At this point in his career, Hitchcock had fought hard to win creative freedom, and he was in the mood to experiment. As with his following film, Rear Window, the action is almost completely confined to a single location. Hitchcock only leaves the London flat to show the gentleman’s club that is crucial to the alibi constructed Tony Wendice (Ray Milland) and to the courtroom scene in which Margot (Grace Kelly) is sentenced to death. The latter scene is handled in a very expressionistic manner, with Margot’s fading sense of hope being portrayed through changing the colors of the lighting. The courtroom, one of the few locations outside of the apartment, is reduced to an abstraction of tinted lighting and shadows. Likewise, Margot’s dresses become more somber as the plot progresses, beginning with a stunning red gown and ending with a drab gray dress under a brown wool cape.
Where The Green Ants Dream is an odd film, in that it is more mainstream and accessible than many of Werner Herzog’s other films, and at the same time it is ambiguous both in its ending and how accurately it portrays its main theme, the conflict between Australian aboriginals and corporate interests.
The story centers on a geologist (Bruce Spence) working for a mining firm blasting for uranium somewhere in the outback. He is preparing to celebrate an imminent find when problems set in. A widow claims her dog has disappeared in a mineshaft, which holds up blasting, and then a group of aboriginal leaders form a sit-in protest in front of earth moving equipment. Reprimanding a worker who simply wants to push the protesters out of the way, the geologist listens to their story, learning that the aborigines consider this “the place where the green ants dream,” and if the ants lose their place, the world will end. The mining company begins making offers of money and profit sharing to appease the aborigines. A crazed biologist, channeling Klaus Kinski, arrives to explain that the green ants are actually magnetic, and always align themselves facing east. When two Aboriginal leaders travel to Sydney to visit the headquarters of the mining company, they are intrigued by a military plane. The mining company arranges to borrow it from the military and have it parked at the site. The aborigines build a runway, and the plane arrives. Meanwhile, the dispute goes to Australian Supreme Court, with the ruling not surprisingly favoring the mining company. A boastful aborigine who is trying to impress a woman climbs into the plane alongside the leader and flies away into the sunset, never to be seen again.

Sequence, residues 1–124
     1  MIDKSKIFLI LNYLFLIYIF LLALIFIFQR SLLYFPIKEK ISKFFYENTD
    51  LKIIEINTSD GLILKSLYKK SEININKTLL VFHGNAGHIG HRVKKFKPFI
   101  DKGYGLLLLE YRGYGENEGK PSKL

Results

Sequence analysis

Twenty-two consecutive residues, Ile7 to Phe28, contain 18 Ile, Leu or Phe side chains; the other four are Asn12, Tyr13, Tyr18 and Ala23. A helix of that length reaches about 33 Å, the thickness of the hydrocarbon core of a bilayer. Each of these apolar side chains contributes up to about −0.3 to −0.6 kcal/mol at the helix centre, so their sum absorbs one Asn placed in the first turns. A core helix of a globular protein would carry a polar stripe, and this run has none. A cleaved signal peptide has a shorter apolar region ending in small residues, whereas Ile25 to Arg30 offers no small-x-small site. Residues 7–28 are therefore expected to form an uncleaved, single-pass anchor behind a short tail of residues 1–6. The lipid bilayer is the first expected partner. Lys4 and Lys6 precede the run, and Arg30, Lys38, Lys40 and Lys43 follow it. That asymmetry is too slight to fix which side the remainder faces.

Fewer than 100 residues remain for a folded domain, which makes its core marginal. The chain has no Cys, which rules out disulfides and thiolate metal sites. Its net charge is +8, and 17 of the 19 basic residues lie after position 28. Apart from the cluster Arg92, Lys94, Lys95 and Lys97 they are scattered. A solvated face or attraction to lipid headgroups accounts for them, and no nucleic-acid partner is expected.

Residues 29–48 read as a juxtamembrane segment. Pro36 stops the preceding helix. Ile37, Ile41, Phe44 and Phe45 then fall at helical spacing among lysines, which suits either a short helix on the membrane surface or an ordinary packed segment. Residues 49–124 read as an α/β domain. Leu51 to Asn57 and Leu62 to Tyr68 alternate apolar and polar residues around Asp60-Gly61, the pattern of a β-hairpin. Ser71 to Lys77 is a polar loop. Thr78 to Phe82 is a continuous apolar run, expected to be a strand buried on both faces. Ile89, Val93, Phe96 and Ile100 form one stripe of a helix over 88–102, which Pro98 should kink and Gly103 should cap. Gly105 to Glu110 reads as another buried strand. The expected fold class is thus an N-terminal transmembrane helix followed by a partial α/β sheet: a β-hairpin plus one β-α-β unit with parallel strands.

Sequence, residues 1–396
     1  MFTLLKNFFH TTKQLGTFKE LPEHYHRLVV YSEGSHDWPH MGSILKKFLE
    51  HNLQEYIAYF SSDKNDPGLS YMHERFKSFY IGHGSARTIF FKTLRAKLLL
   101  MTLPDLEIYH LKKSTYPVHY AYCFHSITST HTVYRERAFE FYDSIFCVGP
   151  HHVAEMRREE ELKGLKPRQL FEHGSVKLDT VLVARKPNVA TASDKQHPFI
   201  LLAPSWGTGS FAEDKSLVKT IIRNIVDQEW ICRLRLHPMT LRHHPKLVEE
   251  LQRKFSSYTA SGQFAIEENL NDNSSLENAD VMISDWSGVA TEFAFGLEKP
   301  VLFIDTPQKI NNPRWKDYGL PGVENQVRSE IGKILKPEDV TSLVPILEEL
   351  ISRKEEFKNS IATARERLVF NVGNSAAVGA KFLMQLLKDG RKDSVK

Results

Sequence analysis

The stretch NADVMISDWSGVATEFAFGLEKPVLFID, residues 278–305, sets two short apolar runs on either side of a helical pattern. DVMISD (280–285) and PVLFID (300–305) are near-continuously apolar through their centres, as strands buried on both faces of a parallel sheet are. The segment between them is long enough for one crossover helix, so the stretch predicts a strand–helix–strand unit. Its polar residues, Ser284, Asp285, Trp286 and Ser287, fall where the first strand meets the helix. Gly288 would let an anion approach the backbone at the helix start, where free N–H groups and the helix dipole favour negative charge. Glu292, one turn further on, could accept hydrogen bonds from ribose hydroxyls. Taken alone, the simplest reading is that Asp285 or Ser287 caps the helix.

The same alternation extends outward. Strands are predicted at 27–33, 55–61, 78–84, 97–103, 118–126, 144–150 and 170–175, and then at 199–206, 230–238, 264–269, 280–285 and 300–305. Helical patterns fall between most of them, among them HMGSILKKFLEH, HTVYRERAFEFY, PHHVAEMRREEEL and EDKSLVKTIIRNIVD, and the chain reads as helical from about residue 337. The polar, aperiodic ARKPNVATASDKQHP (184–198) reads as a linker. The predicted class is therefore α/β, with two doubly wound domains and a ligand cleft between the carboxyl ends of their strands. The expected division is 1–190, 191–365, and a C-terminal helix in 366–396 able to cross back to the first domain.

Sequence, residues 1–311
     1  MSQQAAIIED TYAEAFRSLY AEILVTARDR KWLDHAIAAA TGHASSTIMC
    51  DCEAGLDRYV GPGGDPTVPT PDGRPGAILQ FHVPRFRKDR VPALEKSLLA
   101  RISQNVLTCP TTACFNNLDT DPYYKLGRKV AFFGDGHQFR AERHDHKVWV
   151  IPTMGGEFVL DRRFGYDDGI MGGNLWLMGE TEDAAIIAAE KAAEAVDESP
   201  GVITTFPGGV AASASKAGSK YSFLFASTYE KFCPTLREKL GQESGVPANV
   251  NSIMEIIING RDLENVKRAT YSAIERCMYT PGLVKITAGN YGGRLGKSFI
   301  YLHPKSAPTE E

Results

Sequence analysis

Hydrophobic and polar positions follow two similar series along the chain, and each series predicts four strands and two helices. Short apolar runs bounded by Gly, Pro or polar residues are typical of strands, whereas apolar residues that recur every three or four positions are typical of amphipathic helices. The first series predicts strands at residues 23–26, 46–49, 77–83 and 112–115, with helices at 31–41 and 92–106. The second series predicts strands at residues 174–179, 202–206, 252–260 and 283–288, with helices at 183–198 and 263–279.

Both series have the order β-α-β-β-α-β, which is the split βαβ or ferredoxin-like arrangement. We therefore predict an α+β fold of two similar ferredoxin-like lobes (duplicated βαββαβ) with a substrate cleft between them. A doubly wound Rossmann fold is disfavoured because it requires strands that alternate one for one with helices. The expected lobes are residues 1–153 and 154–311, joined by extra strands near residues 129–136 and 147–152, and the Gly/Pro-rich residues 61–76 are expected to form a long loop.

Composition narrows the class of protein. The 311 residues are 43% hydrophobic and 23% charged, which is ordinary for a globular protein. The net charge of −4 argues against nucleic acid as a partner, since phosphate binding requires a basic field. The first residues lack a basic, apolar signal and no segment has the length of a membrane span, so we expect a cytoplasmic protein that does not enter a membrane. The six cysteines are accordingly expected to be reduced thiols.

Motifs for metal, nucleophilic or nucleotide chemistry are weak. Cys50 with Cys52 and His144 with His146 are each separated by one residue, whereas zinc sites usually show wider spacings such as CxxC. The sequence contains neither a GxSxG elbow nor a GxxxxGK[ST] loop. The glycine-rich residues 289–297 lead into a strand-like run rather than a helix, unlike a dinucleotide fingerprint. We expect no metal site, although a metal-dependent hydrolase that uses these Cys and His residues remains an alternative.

Herzog’s agenda is pretty clear. Wanting to portray the conflict between spirituality and technology, between tradition and progress, he invents a court battle which is not based on a true story, but very well could be. The fact that Herzog made up both the biology and the legend surrounding the green ants, points to exploitation of a different kind, as the director borrows the plight of the Aborigines in order to illustrate his own assumptions. Possible cultural appropriation notwithstanding, this is a thought-provoking film with some beautifully filmed sequences.
I would have had no idea that this film existed had it not been mentioned in the British comedy-thriller series “Psychoville,” which I have been watching. Made for TV by Yorkshire Television in 2002, this is the story of notorious serial killer John George Haigh, a dapper, charming English conman who killed between six and nine people during and after World War II. Haigh often posed as an inventor or engineer, seeking wealthy patrons to support his projects. When he found them, he would invite them to his workshop in a small town south of London, kill them, then dissolve their bodies in acid, mistakenly believing that with no corpses, he could never be convicted. He then would use his long-held skills as a forger to take possession of his victims’ cash and property. When a wealthy widow who lived in Haigh’s hotel disappeared, followed by her friend, suspicion fell on the resident tinkerer. Examining the grounds around his workshop, Scotland Yard detectives found several human gallstones which had not dissolved in the acid, and Haigh confessed, still believing he could not be convicted. It turns out he had not misunderstood the legal concept of corpus deliciti, and was tried, convicted, and executed in a sensational trial.
Haigh is played by Martin Clunes, who is mainly known for his comedy work in British sit-coms. Clunes being cast so against type as a serial killer was probably part of the reason this aired only once on British TV. I am not familiar with his comedy work, but found his portrayal of the conniving Haigh pitch-perfect. Although he is quite a bit taller and heavier than the real Haigh, he captures the detached mannerisms of the calm and calculating killer, whom contemporary reports describe as proud of his cunning. Despite the the made-for-TV budget, the costumes, sets and cars do well to establish the look of wartime Britain and the soundtrack of contemporary popular songs is priceless.